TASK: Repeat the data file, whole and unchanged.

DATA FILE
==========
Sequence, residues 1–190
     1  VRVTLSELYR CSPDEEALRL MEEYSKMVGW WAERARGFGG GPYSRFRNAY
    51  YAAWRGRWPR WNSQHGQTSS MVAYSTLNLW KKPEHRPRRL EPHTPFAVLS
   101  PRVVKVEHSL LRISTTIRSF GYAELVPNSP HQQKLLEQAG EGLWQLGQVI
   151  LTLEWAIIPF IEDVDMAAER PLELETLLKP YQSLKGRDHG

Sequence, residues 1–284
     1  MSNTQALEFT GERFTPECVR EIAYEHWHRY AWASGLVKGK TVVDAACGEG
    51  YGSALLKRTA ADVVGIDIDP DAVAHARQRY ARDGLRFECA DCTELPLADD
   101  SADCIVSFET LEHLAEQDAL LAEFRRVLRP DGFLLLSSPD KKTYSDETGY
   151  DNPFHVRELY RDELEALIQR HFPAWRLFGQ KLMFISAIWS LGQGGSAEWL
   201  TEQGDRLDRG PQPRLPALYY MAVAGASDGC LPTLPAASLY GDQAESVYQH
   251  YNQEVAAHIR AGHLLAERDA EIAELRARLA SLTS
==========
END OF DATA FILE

Sequence, residues 1–190
     1  VRVTLSELYR CSPDEEALRL MEEYSKMVGW WAERARGFGG GPYSRFRNAY
    51  YAAWRGRWPR WNSQHGQTSS MVAYSTLNLW KKPEHRPRRL EPHTPFAVLS
   101  PRVVKVEHSL LRISTTIRSF GYAELVPNSP HQQKLLEQAG EGLWQLGQVI
   151  LTLEWAIIPF IEDVDMAAER PLELETLLKP YQSLKGRDHG

Sequence, residues 1–284
     1  MSNTQALEFT GERFTPECVR EIAYEHWHRY AWASGLVKGK TVVDAACGEG
    51  YGSALLKRTA ADVVGIDIDP DAVAHARQRY ARDGLRFECA DCTELPLADD
   101  SADCIVSFET LEHLAEQDAL LAEFRRVLRP DGFLLLSSPD KKTYSDETGY
   151  DNPFHVRELY RDELEALIQR HFPAWRLFGQ KLMFISAIWS LGQGGSAEWL
   201  TEQGDRLDRG PQPRLPALYY MAVAGASDGC LPTLPAASLY GDQAESVYQH
   251  YNQEVAAHIR AGHLLAERDA EIAELRARLA SLTS